The assessments do not uniformly or generally have the characteristics criticised by Lt Col Collins and others (although it must be acknowledged that some are present in a small number). The allegation of a pro-Jakarta lobby in DIO is not supported by the body of written assessments.

While not all of the people who commented to Capt Toohey and Mr Blick support the notion of a pro-Jakarta lobby in DIO, there are some blunt criticisms of the quality of DIO assessments for other reasons. I am not in a position to resolve whether these criticisms of quality including utility to ADF operations, are justified. I note that the current Inquiry into Australian Intelligence Agencies by Mr Philip Flood AO is considering issues such as DIO’s performance.

In my view there is no basis for re-opening this aspect of Mr Blick's inquiry.

The available evidence in respect of item (c) supports Mr Blick's conclusion that the loss of access to an intelligence database resulted from technical problems rather than a deliberate decision by DIO. Mr Blick examined the written records, including available e-mails, and had statutory declarations from five people. Capt Toohey concluded access was deliberately cut, but I can see nothing specific in his report and attached material which would cast into doubt Mr Blick's conclusion.

However, I must point out while Mr Blick's investigation was comprehensive it was not exhaustive, in that evidence was not obtained from three people with some involvement in the events. Nor did Capt Toohey have evidence available to him from these people. Given their immediate involvement it would seem desirable to attempt to obtain evidence from them.

You could, should you wish, request me to inquire into the issue pursuant to Section 8 (3)(a)(ii) of the IGIS Act.

Question 2

After careful examination, I do not agree with comments that there were procedural defects and incorrect weighing up of the evidence by Mr Blick's inquiry. Capt Toohey concluded that there was a procedural defect in not allowing Lt Col Collins to have a legal representative at a meeting. However, Lt Col Collins is apparently articulate and not afraid to express his point of view. He did not stand accused of anything. The files indicate that Lt Col Collins was given adequate opportunity to express his views and produce material relevant to the issues being considered by Mr Blick.

I cannot see that there was any disadvantage to Lt Col Collins or limitation effected on the inquiry by the absence of a legal representative at that meeting.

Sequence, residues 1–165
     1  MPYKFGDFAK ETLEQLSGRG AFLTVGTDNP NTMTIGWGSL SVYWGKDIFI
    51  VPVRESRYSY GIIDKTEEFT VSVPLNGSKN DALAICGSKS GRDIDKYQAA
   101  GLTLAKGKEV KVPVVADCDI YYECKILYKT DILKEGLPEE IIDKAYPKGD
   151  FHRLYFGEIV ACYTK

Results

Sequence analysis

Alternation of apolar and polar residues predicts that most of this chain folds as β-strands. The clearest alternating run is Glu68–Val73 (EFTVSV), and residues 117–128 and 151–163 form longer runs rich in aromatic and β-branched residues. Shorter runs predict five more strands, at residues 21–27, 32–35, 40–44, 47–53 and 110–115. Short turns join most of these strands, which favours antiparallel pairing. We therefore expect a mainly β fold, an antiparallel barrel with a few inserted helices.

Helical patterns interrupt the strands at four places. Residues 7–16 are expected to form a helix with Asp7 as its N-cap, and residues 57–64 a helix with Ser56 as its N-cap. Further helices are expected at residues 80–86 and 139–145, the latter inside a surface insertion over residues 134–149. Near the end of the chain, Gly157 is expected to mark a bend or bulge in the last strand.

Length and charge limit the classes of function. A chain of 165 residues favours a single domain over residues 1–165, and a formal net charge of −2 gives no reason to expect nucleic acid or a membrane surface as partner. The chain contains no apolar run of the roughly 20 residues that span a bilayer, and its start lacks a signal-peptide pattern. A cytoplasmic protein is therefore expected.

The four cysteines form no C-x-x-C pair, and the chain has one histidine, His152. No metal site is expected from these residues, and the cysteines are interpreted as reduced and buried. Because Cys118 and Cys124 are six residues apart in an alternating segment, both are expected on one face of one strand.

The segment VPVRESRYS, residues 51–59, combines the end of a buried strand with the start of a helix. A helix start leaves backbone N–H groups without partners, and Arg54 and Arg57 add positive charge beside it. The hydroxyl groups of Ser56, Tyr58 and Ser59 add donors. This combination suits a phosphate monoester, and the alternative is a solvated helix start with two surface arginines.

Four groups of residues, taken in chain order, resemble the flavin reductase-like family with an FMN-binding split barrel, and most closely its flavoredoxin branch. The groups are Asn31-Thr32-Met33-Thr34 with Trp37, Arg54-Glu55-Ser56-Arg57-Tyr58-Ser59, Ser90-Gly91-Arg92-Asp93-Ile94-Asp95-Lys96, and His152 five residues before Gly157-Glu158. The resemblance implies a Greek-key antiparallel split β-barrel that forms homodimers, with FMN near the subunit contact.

Question 3

Two issues raised by Lt Col Collins in December 2000 were referred to the Department of Defence rather than being dealt with by Mr Blick. One of these related to the inquiry by Mr A S Blunn AO on behalf of my predecessor concerning the investigation into alleged security breaches by the late Mervyn Jenkins. None of the material I have examined justifies further pursuit of that matter by my office.

The other issue is not within my jurisdiction and any advice you require on it will no doubt be available from the Department of Defence.

Question 4

I have examined the allegations of malicious actions by the Director of DIO towards Lt Col Collins. The transcripts of evidence of key witnesses to Capt Toohey's inquiry do not support the specific allegations made in the redress of grievance. Indeed, one speaks of the Director's intention to 'play the ball, not the man”. Capt Toohey has commented publicly that he had the advantage of observing the demeanour and body language of those he interviewed. However, a finding of malicious action is very serious and I have cannot agree with reaching such a conclusion in the absence of some specific evidence on the record.

I cannot see any basis on the available material for a formal inquiry by me into allegations of malicious actions by the Director of DIO.

Lt Col Collins also has grievances about his career management and support by the Army. I understand that the Army is dealing with these.

I would be happy to discuss any of these issues with you, if you feel that would be helpful.

I have copied this letter and attachments to General Cosgrove, for his information.

Yours sincerely

Ian Carnell
Inspector-General of
Intelligence and Security

3 May 2004

* These attachments are classified and cannot be released into the public domain.